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In with the A crowd: Asexual, agender, aromantic

10-13 A-Spectrum panel (Emily Crooks) (3 of 6).jpg
Sierra Hawkins speaks on the topic of asexuality at the A-Spectrum panel discussion at Weber State University on Oct. 13. (Emily Crooks / The Signpost)

Recognizing and understanding alternate identities: that is what the LGBT community aims to accomplish. In honor of the LGBT community and its history month, Weber State’s LGBT Resource Center hosted a panel discussion on what it means to identify as asexual, agender and aromantic.

The panelists not only discussed what it means to identify as one or more of these identities, but their personal experiences that came along with identifying and what they would like people to know.

An agender person has no gender identification or find that they have a gender identity that is not found on the gender binary.

“I didn’t know the word agender until about a year ago,” said Quinn Shyr. “And when I did, it felt like a huge weight lifted off my shoulders.”

Identifying as an agender person can mean that you do not personally identify with gender as a whole. Words like man, woman, guy or girl are words that can make the person who identifies as agender uncomfortable.

“I’ve had people say things like ‘You’re a good young man,'” said Josh White, a panelist. “Words like that just didn’t feel right.”

Asexuality is when a person does not experience sexual attraction. The spectrum for asexuality can vary from person to person. On one end, one person may feel disgusted by the entire idea and act of sex, while others may feel more of an indifference towards it.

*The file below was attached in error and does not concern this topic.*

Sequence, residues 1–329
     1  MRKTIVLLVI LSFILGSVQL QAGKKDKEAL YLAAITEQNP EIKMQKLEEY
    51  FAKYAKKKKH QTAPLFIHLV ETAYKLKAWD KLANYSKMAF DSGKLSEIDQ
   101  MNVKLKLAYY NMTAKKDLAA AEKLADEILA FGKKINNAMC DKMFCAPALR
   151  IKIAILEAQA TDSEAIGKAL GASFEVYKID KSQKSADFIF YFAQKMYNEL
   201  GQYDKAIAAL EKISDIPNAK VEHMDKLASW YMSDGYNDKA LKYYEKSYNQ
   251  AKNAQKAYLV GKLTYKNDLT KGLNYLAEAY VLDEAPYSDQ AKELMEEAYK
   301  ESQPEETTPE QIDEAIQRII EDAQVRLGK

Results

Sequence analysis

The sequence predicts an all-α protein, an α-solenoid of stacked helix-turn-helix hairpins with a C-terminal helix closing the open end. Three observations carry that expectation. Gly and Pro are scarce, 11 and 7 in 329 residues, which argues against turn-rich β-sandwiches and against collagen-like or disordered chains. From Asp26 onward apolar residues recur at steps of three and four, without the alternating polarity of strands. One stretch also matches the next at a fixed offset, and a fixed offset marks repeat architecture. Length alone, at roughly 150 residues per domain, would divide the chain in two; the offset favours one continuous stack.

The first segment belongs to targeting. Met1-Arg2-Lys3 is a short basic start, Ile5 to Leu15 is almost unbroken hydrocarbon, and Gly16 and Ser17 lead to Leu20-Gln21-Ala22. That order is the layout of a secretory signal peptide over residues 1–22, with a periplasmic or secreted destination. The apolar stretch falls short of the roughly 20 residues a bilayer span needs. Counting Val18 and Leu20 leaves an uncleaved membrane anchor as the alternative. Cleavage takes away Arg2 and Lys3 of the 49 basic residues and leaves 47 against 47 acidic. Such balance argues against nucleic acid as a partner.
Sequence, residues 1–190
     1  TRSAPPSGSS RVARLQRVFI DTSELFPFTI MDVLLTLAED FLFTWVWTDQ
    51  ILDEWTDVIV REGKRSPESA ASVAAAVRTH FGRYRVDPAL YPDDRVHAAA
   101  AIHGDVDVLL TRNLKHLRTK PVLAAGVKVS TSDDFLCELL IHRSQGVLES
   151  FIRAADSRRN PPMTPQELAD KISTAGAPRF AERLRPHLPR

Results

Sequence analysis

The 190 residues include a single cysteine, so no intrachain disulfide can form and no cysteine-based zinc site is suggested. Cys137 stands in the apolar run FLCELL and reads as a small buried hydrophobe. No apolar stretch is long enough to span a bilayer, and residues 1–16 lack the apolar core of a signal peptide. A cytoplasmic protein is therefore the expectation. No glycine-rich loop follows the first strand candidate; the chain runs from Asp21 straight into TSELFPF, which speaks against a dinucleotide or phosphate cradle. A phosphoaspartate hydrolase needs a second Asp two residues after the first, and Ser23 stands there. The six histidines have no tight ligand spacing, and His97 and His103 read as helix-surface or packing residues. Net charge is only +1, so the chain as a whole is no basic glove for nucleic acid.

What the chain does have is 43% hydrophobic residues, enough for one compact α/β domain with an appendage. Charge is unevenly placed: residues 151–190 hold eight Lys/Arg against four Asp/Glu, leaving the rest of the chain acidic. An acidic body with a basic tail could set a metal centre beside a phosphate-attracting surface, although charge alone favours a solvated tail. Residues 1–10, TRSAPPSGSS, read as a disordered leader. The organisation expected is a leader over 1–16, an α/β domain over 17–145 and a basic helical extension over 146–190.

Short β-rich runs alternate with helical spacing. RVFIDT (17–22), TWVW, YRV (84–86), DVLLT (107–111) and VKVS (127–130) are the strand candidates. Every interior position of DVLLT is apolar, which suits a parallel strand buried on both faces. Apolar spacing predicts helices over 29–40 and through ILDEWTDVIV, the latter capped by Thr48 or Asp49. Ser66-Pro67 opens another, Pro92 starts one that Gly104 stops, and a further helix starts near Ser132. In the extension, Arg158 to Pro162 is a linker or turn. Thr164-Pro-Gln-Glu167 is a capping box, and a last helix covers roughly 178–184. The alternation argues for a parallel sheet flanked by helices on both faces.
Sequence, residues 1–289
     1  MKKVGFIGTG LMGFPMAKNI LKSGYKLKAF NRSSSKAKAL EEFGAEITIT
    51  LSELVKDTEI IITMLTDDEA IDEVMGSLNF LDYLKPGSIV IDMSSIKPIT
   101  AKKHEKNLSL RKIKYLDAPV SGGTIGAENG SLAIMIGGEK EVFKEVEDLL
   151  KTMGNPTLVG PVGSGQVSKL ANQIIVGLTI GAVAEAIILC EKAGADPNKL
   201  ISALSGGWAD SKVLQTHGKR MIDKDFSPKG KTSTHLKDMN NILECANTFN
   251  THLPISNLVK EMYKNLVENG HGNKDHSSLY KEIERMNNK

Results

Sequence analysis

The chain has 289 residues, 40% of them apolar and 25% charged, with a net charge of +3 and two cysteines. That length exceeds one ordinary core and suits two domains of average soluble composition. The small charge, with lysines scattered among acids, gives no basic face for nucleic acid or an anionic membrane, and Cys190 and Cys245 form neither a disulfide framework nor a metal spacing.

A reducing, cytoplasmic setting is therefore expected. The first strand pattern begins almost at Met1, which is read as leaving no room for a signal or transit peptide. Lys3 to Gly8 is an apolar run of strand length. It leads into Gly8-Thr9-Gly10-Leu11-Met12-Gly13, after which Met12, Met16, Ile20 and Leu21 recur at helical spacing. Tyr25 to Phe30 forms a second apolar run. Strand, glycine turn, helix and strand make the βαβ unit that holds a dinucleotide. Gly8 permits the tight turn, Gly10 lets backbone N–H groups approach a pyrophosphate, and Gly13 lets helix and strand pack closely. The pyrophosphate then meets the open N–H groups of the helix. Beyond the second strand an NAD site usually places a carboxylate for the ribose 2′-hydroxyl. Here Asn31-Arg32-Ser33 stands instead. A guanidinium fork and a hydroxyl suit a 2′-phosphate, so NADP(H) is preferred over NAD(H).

Being an asexual person does not mean that there is no sex or sex drive. It relates specifically to sexual attraction.

“It’s a small minority, but that doesn’t mean we’re not there,” said Sierra Hawkins, referring to the asexual community.

Aromanticism is defined as someone who identifies as having little or no romantic attraction to others. Romantic attraction can be be emotional or physical.

Aromantic people are often satisfied with friendships, or friendship-like relationships, that are non-romantic. This can lead to future troubles when it comes to dating.

Often times, according to panelist Trevon McBride, when an aromantic person tries to start dating someone who doesn’t identify the same as them, it leaves the aromantic person feeling selfish or guilty because they can’t give the other person what they need.

But all the panelists agreed that communication is very important.

“There needs to be open communication about what you both want and need,” said Hawkins.

Communication can even branch out to those who are still learning about the LGBT community and want to know more. Members of the LGBT community encourage others to ask questions but to be understanding and accepting while doing so.

“Acknowledge that our feelings are real,” said Hawkins.

What it all comes down to is following the golden rule. If you don’t want to be treated a particular way, then don’t treat anyone else that way.

Or as McBride simply put it: “Moral of the story: try and understand, and don’t be a dick.”

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